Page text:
Fast Forward Focus

I’ve always had trouble focusing my mind quickly because my thoughts tend to be akin to a pinball wildly bouncing around a full tilt gaming machine. This can be troublesome when trying to sit down and play a game of chess! For the last three years, I’ve been studying the game of blackjack from a mathematical standpoint. In my studies, I’ve also learned the art of card counting which any good blackjack player will tell you, drastically improves your chances of doing well against the casino (reducing the odds). I should note that this article is not in any way an endorsement for either card counting or gambling. To be able to card count at a blackjack table takes years of practice and is only a small part of mastering the game, mathematics being the lion’s share of the work. However, I will say that taking a single, well shuffled deck of cards and counting it (using the basic Hi-Low system) is an excellent way to focus your ability to quickly concentrate. Again, don’t think that simply doing this is going to make you a high roller at the casinos (they frown upon card counters and you don’t want to visit the casino’s pit boss in his dark, smokey and frightening back office)!

When you watch a Hollywood film about blackjack card sharks, you tend to see either one or two character types. You have your rain man type, savants who can’t string two words together but seem to be able to instantly count the exact number of tooth picks that fall out of a container and onto the floor. The next character is the guy who walks up to the blackjack table and a though bubble appears over his head filled with calculus equations. From these two highly exaggerated examples, people think you have to be a gifted idiot or rocket scientist to pull off card counting. The good news? If you know how to add, subtract, divide and multiply, you have the prerequisite skills required. Learning card counting is easy but mastering it extremely difficult (especially when faced with a six decks, 312 cards, a standard in Las Vegas). Doesn’t this sound like a familiar game we all love? However, to do this concentration exercise you just need to learn the basics.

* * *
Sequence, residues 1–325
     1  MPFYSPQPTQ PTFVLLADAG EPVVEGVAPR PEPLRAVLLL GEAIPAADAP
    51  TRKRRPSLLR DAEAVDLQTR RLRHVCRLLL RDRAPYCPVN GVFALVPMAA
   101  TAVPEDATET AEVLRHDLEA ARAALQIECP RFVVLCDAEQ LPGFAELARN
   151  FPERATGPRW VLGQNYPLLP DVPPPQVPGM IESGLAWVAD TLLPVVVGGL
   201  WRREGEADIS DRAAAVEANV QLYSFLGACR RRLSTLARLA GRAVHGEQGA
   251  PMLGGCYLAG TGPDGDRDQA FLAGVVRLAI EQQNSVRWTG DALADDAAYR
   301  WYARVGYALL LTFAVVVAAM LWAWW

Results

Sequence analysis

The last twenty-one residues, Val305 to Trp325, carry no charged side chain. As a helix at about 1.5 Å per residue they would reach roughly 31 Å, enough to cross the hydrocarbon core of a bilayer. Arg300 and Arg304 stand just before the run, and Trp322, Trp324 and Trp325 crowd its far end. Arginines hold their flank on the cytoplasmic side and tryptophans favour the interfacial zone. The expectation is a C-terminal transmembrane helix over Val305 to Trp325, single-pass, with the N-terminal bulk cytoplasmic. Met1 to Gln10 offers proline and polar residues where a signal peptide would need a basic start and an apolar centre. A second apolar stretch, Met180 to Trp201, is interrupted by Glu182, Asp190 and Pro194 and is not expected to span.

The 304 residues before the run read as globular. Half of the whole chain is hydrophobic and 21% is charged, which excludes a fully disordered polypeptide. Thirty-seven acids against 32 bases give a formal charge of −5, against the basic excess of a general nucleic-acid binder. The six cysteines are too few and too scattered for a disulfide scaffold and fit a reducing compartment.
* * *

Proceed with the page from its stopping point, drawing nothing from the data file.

Because you have to concentrate heavily while doing the counting, it focuses your mind, narrowing the thought process down and in doing so, helps to point your thinking in a single direction rather than a scattered one. I now count a single deck of cards before sitting down to play chess (whenever possible) because it gets rid of the scattered thoughts that damage my ability to singularly concentrate on one thing. Here’s how it works:

A deck of card has four suits, diamonds, hearts, clubs and spades. These are completely ignored in the count. It’s all about the card numbers! There are thirteen numerically valued cards within each suit, 2, 3, 4, 5, 6, 7, 8, 9, 10, Jack, Queen, King and Ace. You might be thinking, with thirteen different types of cards, how am I supposed to keep track of them all? The good news is that we’re going to divide all of those cards into one of three numeric values: +1, -1 and 0 or the neutral card.